Why don’t Olympians want to return to Vietnam?

VietNamNet Bridge – The decision by the Olympians, or the students attending the “Road to Olympia” competition for high school excellent students, to stay working and settling down in foreign countries, has once again raised the worries about the Vietnamese brain drain.

olympiad, road to olympiad, champion

Le Vu Hoang, the champion of the 6th season, who is now a post-graduate in Australia

Van Tuan, a reader of VietNamNet, commented that the brain-drain has become too serious and requested to reconsider if such a competition should continue to be organized.

Tuan, in the email to the editorial board, said the competition has only helped discover and train the talents who will then serve other countries instead of Vietnam. Therefore, he thinks such a competition is no more necessary.

Nguyen Tung, 32, in Hanoi, also said people should not be sympathetic towards the Olympians, who grow up in Vietnam, go to Vietnamese schools and receive the knowledge at schools with the money funded by the State, and then refuse to help develop the country.

“If all Vietnamese want to live and work in favorable conditions in foreign countries, the fatherland of Vietnam will never be able to develop,” he said.

“The “Road to Olympia,” which was thought to be a useful competition to help discover the train talents in the country, has turned out to be the competition to find out the talents for Australia,” Huong Giang, a teacher, wrote.

Giang has also expressed her support to the Da Nang City people’s committee to sue the learners who went studying abroad under the city’s program on training talented persons but refused to serve at the agencies in Da Nang.

Giang believes that it’s now the right time for Vietnamese agencies to apply drastic measures to be sure that Vietnamese have to feel the responsibility of serving the home country, and that the money contributed by people to fund their studies must not be useless.

“If they do not plan to return to Vietnam after the graduation, they should try to go studying abroad with their own money instead of the city’s money. If they need the city’s financial support, they have the duty of devoting themselves to the city,” she said.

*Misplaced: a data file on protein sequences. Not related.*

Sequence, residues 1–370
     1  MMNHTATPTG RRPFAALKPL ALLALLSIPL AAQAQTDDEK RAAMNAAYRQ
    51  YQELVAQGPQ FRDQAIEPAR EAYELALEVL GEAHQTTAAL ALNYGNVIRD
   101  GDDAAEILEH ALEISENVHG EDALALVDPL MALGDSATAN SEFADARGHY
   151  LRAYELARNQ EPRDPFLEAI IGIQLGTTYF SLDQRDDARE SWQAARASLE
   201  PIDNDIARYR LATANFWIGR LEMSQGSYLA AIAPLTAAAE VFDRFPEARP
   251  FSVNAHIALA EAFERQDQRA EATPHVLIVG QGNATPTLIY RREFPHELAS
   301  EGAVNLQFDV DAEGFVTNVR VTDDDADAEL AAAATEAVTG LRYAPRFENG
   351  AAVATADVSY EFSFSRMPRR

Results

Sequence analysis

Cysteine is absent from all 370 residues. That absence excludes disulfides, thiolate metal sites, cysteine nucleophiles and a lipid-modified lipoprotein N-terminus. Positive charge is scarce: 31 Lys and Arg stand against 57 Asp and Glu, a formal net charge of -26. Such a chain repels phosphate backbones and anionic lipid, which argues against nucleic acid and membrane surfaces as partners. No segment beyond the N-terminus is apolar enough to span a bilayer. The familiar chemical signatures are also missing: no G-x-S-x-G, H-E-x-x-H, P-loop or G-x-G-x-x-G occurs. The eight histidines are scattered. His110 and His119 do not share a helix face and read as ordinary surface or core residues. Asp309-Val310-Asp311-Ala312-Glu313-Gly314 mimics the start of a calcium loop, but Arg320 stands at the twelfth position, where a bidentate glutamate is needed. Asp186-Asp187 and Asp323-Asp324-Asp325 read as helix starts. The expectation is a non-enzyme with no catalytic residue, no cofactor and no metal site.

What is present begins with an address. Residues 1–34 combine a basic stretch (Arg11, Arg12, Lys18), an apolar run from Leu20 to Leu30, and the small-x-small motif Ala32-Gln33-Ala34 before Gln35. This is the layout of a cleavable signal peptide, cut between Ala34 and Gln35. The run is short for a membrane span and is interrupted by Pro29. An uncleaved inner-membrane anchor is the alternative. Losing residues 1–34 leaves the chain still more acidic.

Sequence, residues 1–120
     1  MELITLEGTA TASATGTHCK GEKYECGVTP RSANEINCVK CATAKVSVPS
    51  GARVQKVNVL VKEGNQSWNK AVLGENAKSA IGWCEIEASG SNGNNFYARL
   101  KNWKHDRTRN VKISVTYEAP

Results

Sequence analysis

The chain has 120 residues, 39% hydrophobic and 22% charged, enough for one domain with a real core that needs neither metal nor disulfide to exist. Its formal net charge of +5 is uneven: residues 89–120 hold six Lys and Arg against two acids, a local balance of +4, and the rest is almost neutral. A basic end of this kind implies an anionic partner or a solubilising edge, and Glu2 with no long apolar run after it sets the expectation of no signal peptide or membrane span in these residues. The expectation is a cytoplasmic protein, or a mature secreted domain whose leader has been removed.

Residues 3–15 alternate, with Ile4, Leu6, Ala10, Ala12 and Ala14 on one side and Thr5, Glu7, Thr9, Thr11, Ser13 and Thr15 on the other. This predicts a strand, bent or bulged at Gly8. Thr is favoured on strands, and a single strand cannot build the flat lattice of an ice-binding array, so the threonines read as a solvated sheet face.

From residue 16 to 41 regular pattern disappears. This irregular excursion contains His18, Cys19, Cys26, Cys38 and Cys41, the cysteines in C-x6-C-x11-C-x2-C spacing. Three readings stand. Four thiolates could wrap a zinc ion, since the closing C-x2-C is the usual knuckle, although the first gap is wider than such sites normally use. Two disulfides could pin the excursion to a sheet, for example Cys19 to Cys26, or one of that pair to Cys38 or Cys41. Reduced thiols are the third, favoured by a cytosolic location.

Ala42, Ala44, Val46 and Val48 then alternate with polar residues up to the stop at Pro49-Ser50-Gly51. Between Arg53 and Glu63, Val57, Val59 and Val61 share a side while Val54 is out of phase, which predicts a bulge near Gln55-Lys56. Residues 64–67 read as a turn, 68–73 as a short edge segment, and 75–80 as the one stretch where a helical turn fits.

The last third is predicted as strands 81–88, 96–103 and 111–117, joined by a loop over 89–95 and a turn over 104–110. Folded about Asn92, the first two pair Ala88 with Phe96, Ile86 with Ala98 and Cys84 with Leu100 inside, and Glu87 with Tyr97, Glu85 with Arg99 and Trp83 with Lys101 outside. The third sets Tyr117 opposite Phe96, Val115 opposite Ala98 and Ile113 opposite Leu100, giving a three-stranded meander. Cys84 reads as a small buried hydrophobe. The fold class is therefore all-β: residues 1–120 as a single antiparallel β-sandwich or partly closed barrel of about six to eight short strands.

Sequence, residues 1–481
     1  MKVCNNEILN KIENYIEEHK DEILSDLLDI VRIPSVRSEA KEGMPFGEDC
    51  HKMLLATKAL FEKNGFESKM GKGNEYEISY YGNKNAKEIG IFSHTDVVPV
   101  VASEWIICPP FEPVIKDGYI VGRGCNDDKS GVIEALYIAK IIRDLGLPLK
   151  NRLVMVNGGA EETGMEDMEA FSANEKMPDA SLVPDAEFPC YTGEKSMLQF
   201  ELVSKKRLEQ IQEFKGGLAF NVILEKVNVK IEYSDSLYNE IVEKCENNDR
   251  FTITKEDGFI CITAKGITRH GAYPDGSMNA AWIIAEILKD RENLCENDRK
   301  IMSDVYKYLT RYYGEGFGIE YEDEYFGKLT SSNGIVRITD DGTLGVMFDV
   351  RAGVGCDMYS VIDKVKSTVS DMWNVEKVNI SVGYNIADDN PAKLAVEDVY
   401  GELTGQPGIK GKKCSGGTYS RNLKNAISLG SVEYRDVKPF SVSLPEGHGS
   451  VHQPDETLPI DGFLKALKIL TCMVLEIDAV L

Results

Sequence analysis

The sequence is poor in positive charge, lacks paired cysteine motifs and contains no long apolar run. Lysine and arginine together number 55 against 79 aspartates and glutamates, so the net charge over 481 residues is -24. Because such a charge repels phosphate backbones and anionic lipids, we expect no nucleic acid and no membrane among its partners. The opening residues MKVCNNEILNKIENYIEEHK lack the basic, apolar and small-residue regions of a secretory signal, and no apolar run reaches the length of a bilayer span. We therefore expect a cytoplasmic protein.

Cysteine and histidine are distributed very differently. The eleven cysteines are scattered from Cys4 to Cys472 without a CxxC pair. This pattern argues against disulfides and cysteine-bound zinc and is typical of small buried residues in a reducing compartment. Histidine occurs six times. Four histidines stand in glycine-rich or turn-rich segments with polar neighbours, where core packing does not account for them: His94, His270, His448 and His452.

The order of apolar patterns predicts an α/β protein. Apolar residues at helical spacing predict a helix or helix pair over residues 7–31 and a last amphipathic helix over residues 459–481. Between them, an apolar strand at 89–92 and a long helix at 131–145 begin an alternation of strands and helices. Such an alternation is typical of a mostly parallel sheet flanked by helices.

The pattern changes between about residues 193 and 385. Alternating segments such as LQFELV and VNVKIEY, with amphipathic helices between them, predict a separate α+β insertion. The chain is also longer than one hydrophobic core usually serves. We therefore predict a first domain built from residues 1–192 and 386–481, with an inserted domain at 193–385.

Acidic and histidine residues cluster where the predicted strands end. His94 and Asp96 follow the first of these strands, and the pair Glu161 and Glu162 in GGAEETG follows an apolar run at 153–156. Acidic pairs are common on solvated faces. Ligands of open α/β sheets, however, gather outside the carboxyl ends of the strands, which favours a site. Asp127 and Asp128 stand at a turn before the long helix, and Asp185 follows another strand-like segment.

“Vietnam must not waste its money on the people who reject their responsibility,” she added.

Meanwhile, the majority of readers said they understand why the Olympians made such a decision.

Thu Phuong, who is about to leave Vietnam next year to study in the US on a scholarship noted that the Olympians went studying on the money donated by private organizations, not the state’s money. Therefore, they have the right to decide where they will live and work.

Phuong believes that the Vietnamese leaders, not the Olympians, need to reconsider their decisions. They should think carefully about why the brain drain has become more serious and why the talented persons don’t want to serve in Vietnam.

“I believe that they have the right to determine their future,” Le Van Than, an engineer, agrees.

He has tried to persuade people not to think badly of the Olympians. “Though they live and work overseas, they will never forget the fatherland. They can serve as the bridges that link Vietnamese with the big international groups in the world,” he said.

“It’d be better to blame the leaders and managers who still cannot most favorable conditions to persuade the talents to return to Vietnam,” he concluded.

Nguyen Thao

olympiad, road to olympiad, champion